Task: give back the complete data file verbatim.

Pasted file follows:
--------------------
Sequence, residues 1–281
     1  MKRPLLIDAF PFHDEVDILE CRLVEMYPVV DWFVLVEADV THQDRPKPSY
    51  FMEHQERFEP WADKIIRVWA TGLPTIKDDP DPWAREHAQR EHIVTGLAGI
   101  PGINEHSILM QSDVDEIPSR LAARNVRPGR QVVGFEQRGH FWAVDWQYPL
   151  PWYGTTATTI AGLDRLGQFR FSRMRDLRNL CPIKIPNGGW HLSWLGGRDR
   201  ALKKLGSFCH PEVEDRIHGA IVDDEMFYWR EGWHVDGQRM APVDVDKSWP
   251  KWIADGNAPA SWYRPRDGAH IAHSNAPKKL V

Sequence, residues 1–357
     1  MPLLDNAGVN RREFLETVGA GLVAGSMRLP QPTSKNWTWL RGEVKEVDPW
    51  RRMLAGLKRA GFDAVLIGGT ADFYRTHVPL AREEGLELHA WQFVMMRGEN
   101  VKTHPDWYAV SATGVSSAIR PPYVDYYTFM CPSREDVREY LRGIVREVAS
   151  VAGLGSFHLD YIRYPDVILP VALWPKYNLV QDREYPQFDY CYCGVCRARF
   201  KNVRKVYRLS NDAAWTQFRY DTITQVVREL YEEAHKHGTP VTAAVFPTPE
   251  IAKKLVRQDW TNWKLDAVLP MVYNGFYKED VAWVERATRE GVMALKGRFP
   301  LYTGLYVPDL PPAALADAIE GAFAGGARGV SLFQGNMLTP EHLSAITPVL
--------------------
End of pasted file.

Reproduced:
Sequence, residues 1–281
     1  MKRPLLIDAF PFHDEVDILE CRLVEMYPVV DWFVLVEADV THQDRPKPSY
    51  FMEHQERFEP WADKIIRVWA TGLPTIKDDP DPWAREHAQR EHIVTGLAGI
   101  PGINEHSILM QSDVDEIPSR LAARNVRPGR QVVGFEQRGH FWAVDWQYPL
   151  PWYGTTATTI AGLDRLGQFR FSRMRDLRNL CPIKIPNGGW HLSWLGGRDR
   201  ALKKLGSFCH PEVEDRIHGA IVDDEMFYWR EGWHVDGQRM APVDVDKSWP
   251  KWIADGNAPA SWYRPRDGAH IAHSNAPKKL V

Sequence, residues 1–357
     1  MPLLDNAGVN RREFLETVGA GLVAGSMRLP QPTSKNWTWL RGEVKEVDPW
    51  RRMLAGLKRA GFDAVLIGGT ADFYRTHVPL AREEGLELHA WQFVMMRGEN
   101  VKTHPDWYAV SATGVSSAIR PPYVDYYTFM CPSREDVREY LRGIVREVAS
   151  VAGLGSFHLD YIRYPDVILP VALWPKYNLV QDREYPQFDY CYCGVCRARF
   201  KNVRKVYRLS NDAAWTQFRY DTITQVVREL YEEAHKHGTP VTAAVFPTPE
   251  IAKKLVRQDW TNWKLDAVLP MVYNGFYKED VAWVERATRE GVMALKGRFP
   301  LYTGLYVPDL PPAALADAIE GAFAGGARGV SLFQGNMLTP EHLSAITPVL